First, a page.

Marlon Rengifo is dead. But Leider Abraham has been reborn. In Petecuy, one of the roughest neighborhoods in Cali, one of Colombia’s most dangerous cities, life and art are intertwined.
Both Rengifo and Abraham were members of one of Cali’s most notorious gangs.
Rengifo was shot and killed by a rival gang member while trying to make a gritty and realistic movie about Petecuy.
Abraham, his replacement, has found a new career as an actor, which is now putting food on the table for his five children.
Petecuy is in northern Cali — some 500 kilometers (300 miles) southwest of Bogota — stuck between a landfill and an odorous canal.
There are not enough doctors here, and only 42 percent of its population has completed secondary school. Many of its mothers are raising their children single-handedly, but their small houses are impeccably kept.
And there is hell here, especially where gang violence is concerned. On either side of an imaginary border delineated by a Petecuy street, they fight in just one way: by killing each other.
In one Petecuy sector, 28 people were killed in 2010, a homicide rate that translates into an astounding 280 deaths for every 100,000 inhabitants.
Oscar Hincapie, 34, a Colombian film director, notes that "art pulsates everywhere" in the hardscrabble neighborhood.
"Their stories tell themselves," Hincapie told AFP, recalling a gang of thieves whose loot was in turn stolen by another gang of thieves as they parceled out their plunder by the riverbank.
The director, who came to know Petecuy while working on a pro bono project here, decided to use locals with rudimentary training from theater or dance studios instead of professional actors.
Since 2010, some 50 people have been working on Hincapie’s film.
The multi-layered movie, called "Petecuy," tells their stories, and the story of a director who tries to make a movie under very difficult circumstances in the midst of a dangerous neighborhood.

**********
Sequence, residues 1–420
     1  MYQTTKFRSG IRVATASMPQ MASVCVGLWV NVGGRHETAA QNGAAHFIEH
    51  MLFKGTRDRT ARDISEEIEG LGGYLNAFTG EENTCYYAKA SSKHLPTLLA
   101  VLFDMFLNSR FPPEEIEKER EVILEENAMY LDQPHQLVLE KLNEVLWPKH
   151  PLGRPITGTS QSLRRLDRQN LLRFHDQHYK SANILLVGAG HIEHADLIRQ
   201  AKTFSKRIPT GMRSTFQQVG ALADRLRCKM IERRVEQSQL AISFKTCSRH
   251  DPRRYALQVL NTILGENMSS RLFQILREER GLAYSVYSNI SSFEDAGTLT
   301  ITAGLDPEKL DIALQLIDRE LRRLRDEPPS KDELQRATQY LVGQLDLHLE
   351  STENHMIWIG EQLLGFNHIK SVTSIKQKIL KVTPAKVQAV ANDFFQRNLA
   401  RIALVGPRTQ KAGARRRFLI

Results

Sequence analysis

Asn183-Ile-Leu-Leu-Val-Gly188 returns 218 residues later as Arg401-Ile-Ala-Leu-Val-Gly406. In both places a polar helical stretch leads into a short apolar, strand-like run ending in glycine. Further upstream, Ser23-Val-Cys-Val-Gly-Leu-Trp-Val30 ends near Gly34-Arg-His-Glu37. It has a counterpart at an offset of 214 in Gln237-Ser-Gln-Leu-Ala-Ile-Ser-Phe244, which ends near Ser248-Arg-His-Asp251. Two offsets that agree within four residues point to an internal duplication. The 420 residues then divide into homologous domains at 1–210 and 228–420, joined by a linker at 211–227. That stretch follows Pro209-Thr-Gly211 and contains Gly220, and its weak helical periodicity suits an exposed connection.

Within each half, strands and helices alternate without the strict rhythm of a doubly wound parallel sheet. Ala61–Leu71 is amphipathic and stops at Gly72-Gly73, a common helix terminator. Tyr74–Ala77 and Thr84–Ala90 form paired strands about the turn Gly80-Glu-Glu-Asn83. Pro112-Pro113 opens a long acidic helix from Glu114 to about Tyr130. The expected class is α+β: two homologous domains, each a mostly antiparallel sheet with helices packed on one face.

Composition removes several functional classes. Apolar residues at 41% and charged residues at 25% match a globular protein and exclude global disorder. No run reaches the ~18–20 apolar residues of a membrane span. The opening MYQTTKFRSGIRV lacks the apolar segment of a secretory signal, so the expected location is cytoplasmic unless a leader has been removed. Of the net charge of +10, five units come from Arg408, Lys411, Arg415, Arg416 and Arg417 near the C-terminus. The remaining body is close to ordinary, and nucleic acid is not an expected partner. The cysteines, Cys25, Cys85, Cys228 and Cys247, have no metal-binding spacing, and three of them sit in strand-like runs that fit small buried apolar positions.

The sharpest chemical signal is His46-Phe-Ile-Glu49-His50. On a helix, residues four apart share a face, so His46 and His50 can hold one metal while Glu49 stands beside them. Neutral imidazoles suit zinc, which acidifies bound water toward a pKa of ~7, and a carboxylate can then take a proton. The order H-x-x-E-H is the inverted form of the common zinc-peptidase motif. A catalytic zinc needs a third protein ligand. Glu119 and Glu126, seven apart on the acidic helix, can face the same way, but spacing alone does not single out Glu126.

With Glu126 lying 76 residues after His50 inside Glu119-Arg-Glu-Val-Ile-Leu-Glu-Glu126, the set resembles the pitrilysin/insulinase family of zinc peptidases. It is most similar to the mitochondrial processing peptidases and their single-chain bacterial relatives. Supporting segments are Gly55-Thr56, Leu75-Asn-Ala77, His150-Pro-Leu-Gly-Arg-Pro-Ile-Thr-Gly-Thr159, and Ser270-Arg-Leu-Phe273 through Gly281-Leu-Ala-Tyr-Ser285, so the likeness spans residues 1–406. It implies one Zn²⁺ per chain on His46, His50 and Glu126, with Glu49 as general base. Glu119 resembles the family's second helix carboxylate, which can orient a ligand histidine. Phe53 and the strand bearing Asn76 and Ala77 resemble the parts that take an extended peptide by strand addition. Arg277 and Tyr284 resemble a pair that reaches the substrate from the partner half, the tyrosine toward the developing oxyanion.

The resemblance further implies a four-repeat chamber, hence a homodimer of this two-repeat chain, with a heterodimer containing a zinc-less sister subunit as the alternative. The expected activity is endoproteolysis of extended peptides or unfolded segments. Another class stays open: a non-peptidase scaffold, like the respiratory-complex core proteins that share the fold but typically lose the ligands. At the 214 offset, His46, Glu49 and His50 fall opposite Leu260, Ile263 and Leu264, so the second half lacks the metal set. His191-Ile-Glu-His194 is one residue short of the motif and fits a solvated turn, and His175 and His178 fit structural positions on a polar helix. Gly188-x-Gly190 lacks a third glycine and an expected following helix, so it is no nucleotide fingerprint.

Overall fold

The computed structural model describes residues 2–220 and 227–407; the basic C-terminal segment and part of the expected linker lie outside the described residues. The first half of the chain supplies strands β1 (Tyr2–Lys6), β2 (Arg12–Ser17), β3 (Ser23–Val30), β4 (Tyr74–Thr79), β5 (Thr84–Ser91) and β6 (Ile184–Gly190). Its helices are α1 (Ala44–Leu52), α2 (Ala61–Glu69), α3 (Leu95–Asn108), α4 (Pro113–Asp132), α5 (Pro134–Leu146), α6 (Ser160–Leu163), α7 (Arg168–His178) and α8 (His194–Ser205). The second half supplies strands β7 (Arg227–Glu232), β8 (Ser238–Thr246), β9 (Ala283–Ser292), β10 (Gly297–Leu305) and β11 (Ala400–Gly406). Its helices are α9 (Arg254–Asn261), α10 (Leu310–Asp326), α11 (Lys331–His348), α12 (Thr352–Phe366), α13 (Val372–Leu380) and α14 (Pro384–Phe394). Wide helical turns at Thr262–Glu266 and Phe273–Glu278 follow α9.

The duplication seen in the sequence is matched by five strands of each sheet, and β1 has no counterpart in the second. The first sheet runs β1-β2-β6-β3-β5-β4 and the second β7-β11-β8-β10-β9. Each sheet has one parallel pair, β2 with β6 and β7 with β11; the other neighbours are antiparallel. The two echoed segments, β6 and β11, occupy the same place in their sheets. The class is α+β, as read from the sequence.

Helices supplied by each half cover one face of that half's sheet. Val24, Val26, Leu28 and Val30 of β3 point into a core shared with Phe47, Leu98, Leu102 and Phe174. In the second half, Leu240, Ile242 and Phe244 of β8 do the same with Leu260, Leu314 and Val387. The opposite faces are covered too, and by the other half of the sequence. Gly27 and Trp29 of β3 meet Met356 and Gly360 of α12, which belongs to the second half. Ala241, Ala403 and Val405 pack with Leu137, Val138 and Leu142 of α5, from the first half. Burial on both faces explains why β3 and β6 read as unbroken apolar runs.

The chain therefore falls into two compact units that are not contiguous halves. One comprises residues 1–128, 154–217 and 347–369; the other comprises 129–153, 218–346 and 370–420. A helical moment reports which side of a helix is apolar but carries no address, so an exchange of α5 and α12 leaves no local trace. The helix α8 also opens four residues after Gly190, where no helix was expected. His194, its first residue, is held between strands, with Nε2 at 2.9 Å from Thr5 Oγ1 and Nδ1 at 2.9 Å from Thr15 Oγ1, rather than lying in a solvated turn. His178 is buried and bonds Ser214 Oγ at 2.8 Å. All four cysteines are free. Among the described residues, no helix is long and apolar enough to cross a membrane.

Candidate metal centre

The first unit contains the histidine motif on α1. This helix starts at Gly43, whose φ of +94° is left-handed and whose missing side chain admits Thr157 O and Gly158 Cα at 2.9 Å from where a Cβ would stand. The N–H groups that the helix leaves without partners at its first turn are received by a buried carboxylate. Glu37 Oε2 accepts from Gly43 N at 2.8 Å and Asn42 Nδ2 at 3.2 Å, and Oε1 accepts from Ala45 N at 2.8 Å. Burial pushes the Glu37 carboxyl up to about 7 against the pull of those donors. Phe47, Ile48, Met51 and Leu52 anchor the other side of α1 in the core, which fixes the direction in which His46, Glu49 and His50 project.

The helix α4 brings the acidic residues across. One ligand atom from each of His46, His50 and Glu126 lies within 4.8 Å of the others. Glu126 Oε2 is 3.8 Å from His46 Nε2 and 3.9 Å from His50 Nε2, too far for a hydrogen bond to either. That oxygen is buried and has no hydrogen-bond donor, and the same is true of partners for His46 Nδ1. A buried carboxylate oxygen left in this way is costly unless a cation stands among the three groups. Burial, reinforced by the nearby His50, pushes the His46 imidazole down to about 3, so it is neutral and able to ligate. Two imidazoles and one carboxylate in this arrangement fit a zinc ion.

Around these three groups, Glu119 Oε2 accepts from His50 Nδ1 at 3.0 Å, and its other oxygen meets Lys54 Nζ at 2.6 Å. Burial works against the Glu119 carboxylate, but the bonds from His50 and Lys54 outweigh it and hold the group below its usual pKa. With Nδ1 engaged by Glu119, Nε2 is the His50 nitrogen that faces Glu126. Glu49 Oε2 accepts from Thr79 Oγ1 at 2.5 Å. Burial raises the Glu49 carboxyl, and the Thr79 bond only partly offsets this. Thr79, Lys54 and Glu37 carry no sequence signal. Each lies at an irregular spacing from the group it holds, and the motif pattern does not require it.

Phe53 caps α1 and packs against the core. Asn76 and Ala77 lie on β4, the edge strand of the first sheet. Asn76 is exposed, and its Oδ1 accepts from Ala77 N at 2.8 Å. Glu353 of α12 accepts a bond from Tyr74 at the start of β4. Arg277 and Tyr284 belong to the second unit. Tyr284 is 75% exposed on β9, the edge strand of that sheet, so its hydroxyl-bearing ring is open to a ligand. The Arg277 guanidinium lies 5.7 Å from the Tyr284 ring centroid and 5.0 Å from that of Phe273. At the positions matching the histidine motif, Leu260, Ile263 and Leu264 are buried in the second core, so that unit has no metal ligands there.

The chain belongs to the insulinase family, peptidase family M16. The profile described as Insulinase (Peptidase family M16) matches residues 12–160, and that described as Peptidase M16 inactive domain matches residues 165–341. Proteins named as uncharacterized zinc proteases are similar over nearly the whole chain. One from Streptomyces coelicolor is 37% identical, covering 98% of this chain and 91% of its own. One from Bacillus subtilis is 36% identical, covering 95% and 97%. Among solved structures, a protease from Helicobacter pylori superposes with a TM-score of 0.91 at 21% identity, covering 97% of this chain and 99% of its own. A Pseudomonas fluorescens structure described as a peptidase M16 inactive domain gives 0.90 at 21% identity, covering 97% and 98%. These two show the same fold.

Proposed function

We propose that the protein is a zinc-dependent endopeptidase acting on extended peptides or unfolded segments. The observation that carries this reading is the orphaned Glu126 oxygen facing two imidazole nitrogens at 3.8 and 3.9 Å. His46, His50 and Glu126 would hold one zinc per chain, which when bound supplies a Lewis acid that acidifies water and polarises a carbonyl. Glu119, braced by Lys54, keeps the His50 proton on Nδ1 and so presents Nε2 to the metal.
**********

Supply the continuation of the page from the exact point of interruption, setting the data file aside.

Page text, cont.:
"In a poor neighborhood like this, art is everywhere," said Hincapie. "Young people here learn to lie, to sketch out plans for a robbery. Who’s a bigger liar than an actor. And what’s more creative than planning a heist?" he asked.
"Here," Hincapie said, "you learn to dance before you learn to walk."
"What is interesting is what the cinema does to people when it shakes up their lives."
Hincapie’s movie has sparked such interest among the people of Petecuy that during periods of filming, violence in the area drops dramatically.
"For six or seven months, we didn’t have a single homicide," said Father Edilson Huerfano, who works here trying to avert gang warfare.
"We had 12, 13, 14 robberies a day and now there are two or three per month," he said, standing not far from a dozen young girls dressed in green and gold tutus dancing enthusiastically before the cameras.
Rengifo had been one of the key players in this upward spiral.
At 29-years-old, he had agreed to a truce with a rival gang and to guarantee security on the set.
Almost immediately, this new community "leader" was picked up for the leading role in Hincapie’s film.
"He was a good boy," quietly recalls his mother, Rosalba, pointing to a framed photo of Rengifo sitting underneath the television.
But an ex-rival newly released from prison shot and killed Rengifo last New Year’s Eve.
Hincapie had to find a new actor, and not just one. In all, five people were killed in various settling of scores during the filming.
Abraham, a thin young man with dark skin and an aquiline profile who replaced Rengifo, never had much hope to begin with.
A former thief, at 30-years-old he already had five children, and lived with a permanent sense that his life could end at any minute.
Now, his "adrenaline rush" comes from his acting, and his life has been transformed.
"Let me put it to you this way: you can’t go wrong three times," he said proudly.
Abraham has since picked up roles in three "telenovelas." "I’m able to support my kids with the money I’m earning, more than from anything else I’ve done."
Abraham has missed 10 days of filming, however, because the director’s coffers are empty. Money promised from the county and the city has never come, and Hincapie had to sell his car and scooter to finance the film.
Hincapie’s project — at least for now — has succeeded in shifting Petecuy’s seemingly intractable violence from the street to film.
But filming is now just dragging on, and Hincapie fears that the dream of his actors, and Petecuy’s inhabitants, could still flounder in the face of indifference.